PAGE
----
The plot, for what it’s worth, goes as follows. A cure for the mutant X gene has been found and Magneto (Ian McKellen, brilliant as ever) rallies together an army to destroy the threat to the mutant population. As the mutants tool up for war, Jean Gray
(Famke Jansen) returns from the dead as her alter ego, the all-powerful and uncontrollable Phoenix. But while X-Men: The Last Stand’s storyline may be paper thin, the action and suspense have been laid on with a spatula.
If rumours are to be believed this is to be the last X-film (although spin-offs for Wolverine and Magneto are in the pipeline) and director Brett Ratner is keen to go out on a bang. Main characters are swept away at the stroke of a pen and the film stepladders up the set pieces to its grand finale. New addition Kelsey Grammer is note perfect as Dr Hank McCoy/Beast and once again Hugh Jackman’s Wolverine proves he’s the coolest comic book character to survive the leap to celluloid. Unfortunately, Vinnie Jones is so wooden as Juggernaut that his character should have been renamed Mahogany, while the brief flicker of charm provided by Ben Foster’s Angel is snuffed by a lack of screen time.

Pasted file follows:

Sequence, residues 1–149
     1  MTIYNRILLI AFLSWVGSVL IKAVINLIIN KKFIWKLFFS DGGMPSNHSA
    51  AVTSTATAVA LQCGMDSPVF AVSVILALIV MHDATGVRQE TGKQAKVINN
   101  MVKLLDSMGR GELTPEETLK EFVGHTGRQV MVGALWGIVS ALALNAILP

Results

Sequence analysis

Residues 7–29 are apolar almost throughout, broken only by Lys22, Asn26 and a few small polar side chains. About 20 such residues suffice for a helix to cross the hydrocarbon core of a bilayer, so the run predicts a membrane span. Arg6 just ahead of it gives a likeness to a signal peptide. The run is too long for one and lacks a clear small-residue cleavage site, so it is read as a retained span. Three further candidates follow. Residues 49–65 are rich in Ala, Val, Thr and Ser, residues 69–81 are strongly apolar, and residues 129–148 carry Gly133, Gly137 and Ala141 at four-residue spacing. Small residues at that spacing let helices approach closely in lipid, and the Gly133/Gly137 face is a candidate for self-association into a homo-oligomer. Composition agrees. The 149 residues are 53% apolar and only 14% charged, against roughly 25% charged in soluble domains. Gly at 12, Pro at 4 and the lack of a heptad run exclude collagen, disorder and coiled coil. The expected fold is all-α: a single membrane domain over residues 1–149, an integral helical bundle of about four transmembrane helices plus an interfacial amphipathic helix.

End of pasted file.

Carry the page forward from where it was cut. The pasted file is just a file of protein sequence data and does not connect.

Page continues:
Despite the film’s shortcomings (including a dialogue that lacks the zing and insight of the first episode and a number of scenes that could have done with some further exposition), The Last Stand nevertheless zips along swiftly and more or less satisfactorily. Containing both the best – Magneto transporting the Golden Gate Bridge to Alcatraz – and the worst – anything with the aforementioned Jones – scenes of the series, X3 is far from perfect. Still it should put up a good fight against Superman(directed by X-Men alumnus Bryan Singer) in this summer’s war of the blockbusters.
For Time Out Magazine – click here for original PDF – Timeout Dubai, 0623 2006 _ 084 film REVIEWS